From its founding, America has always been a paradox: a country of fierce individualism and hunger for material success, tempered by widespread Christian faith and community. If the churches decline, selfishness and greed rise — which is exactly what’s happened in the United States since the end of the Second World War.

Father Murray, writing in the mid-twentieth century, hoped that Catholics would provide a Christian soul to American life in a way that Protestants no longer could. We know how that turned out. Notre Dame social researcher Christian Smith and his colleagues have tracked in great detail the spiritual lives of today’s young adults and teenagers. The results are sobering. So are the implications for Catholic life in the decades ahead.

The real religion of vast numbers of American young people is a kind of fuzzy moral niceness, with an easy, undemanding God on duty to make people feel happy whenever they need Him. It’s what Smith calls “moralistic therapeutic deism.” To put it in the words of a young woman from Maryland, “[Faith is] just whatever makes you feel good about you.”

This is the legacy that my generation has left to the Church in the United States. For all practical purposes, American Catholics are no different from everybody else in their views, their appetites, and their behaviors. This isn’t what the Second Vatican Council had in mind when it began its work fifty years ago. It’s not what the council meant by reform. Left to itself, the life of the Church in my country is not going to get better. It’s going to get worse.*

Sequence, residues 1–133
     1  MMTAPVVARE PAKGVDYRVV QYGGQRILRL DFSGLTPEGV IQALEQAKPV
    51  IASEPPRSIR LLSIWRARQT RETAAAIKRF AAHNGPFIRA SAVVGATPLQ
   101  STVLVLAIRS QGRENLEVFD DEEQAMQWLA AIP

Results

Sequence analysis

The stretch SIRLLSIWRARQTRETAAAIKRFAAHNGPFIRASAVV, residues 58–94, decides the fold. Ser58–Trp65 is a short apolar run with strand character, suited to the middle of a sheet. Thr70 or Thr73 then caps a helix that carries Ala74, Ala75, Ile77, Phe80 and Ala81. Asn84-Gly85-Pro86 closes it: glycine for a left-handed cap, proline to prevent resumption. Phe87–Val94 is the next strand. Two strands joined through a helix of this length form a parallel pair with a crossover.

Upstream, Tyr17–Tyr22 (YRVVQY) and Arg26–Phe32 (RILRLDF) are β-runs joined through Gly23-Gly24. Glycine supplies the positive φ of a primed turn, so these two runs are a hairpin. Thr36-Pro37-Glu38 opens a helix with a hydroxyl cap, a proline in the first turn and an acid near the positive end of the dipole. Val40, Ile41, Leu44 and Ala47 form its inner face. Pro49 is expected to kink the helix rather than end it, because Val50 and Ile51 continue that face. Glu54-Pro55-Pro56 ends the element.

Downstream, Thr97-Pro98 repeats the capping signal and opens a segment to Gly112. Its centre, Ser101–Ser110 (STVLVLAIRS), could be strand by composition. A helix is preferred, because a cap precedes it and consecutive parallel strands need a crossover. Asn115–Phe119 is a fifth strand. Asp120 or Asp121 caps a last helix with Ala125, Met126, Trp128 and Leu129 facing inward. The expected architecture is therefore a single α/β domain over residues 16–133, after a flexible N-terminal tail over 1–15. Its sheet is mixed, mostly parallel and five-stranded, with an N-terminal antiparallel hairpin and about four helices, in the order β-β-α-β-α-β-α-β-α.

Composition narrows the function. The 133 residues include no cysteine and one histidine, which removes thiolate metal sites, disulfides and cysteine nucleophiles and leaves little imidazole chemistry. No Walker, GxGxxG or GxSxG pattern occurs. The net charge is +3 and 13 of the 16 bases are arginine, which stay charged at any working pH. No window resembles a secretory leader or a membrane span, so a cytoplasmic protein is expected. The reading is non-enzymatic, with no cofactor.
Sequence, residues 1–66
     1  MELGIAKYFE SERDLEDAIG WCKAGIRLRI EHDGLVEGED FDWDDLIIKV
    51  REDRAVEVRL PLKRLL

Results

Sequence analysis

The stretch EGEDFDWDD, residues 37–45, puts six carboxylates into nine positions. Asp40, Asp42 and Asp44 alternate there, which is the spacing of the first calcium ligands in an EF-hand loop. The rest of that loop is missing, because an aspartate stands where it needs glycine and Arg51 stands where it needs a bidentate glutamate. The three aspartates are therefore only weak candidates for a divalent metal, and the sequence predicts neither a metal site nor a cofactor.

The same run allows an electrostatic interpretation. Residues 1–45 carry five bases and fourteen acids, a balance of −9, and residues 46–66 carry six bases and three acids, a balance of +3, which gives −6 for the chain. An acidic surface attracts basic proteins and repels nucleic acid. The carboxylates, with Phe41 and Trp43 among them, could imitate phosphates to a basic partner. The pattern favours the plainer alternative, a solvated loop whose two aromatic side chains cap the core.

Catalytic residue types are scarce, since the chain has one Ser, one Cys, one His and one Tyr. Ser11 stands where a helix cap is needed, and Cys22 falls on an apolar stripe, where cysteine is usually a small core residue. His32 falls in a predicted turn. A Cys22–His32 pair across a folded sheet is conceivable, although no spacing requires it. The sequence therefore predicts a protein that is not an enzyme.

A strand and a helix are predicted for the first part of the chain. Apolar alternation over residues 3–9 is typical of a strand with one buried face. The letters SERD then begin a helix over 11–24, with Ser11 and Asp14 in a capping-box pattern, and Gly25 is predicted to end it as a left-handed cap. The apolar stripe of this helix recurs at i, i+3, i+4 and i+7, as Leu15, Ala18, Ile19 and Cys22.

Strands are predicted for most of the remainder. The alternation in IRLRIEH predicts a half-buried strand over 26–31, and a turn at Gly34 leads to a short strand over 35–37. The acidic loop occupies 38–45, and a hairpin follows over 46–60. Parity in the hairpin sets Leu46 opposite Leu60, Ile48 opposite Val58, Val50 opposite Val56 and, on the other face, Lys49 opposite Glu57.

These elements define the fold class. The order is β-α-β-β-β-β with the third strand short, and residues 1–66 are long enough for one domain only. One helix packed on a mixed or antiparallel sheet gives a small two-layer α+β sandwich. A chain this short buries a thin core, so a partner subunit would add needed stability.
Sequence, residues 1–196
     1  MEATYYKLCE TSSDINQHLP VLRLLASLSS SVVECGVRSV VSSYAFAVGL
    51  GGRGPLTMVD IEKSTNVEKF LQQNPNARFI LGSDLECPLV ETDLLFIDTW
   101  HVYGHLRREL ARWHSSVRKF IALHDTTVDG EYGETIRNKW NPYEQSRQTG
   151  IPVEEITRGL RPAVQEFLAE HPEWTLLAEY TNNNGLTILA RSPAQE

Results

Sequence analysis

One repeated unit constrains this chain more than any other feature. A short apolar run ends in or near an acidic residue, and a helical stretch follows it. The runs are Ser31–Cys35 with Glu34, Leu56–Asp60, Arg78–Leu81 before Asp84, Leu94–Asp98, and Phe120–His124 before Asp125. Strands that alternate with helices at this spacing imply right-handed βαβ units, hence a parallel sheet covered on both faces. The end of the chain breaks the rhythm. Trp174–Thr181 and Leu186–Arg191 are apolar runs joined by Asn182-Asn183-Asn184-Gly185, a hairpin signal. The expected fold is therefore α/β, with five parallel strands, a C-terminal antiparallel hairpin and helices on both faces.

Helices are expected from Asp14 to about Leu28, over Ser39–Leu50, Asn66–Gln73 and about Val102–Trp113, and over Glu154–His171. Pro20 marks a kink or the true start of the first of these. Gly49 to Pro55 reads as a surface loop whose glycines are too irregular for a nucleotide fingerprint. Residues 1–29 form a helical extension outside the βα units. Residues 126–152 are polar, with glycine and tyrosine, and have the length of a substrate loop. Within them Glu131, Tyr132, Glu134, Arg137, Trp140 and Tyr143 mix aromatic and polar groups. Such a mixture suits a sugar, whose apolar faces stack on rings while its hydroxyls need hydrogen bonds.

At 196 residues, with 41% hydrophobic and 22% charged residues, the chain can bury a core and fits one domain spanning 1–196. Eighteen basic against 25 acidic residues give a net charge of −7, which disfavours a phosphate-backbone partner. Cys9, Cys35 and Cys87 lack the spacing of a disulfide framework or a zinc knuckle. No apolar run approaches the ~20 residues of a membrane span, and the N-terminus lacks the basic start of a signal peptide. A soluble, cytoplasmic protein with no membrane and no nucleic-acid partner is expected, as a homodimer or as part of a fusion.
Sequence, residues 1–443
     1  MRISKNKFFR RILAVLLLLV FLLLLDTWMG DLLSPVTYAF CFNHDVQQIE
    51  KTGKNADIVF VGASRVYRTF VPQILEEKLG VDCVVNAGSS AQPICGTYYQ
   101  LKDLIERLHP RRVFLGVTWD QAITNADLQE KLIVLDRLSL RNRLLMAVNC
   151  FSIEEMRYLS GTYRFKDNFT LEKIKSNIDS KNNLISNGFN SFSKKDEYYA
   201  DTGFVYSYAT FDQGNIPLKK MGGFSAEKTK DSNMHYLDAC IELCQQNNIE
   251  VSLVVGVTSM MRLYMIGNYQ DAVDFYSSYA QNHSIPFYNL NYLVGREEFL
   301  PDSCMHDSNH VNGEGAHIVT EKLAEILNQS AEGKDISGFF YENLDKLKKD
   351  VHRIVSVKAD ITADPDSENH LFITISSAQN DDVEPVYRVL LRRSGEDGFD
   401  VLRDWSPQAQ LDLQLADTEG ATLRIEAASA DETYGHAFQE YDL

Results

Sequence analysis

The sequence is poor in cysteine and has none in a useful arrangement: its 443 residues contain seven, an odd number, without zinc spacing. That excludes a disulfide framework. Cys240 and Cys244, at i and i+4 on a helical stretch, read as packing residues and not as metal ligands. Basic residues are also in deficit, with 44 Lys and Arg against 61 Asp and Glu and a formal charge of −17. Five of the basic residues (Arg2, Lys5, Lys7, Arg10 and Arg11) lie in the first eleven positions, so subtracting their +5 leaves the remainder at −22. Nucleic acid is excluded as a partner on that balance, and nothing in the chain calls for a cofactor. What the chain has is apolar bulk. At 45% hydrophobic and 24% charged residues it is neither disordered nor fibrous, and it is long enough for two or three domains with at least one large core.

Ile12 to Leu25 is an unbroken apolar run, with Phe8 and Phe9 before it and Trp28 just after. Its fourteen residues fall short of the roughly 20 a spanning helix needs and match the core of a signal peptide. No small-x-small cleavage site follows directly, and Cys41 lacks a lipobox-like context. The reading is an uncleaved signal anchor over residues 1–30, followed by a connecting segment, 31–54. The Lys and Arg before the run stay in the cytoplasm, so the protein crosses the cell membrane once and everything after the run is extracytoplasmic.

And that brings us to now. Archbishop Chaput’s “Holy Impatience” article pinpointed the problem. We must ask ourselves: “What difference have we made as Catholics in the public square? And what difference are we willing to make — now that we have to fight for the right to make a difference?”

I am not holy, but I’m feeling the impatience. So are many people gathered in church pews and halls and in discussion threads online and inboxes and comment boxes.

Good. Lift up your voices. It’s time for the choir to sing.

* “Holy Impatience” appeared on the First Things website December 1, 2012, based on the archbishop’s address to the leaders of Sodalitium Christianae Vitae in Lima, Peru, on November 29, 2012. It is accessible online:


Sheila Liaugminas, a member of the Voices editorial board, is a Catholic journalist who lives in Chicago. She hosts the daily program “A Closer Look” on Relevant Radio (, and serves as network news director. Visit her blog: Sheila Reports (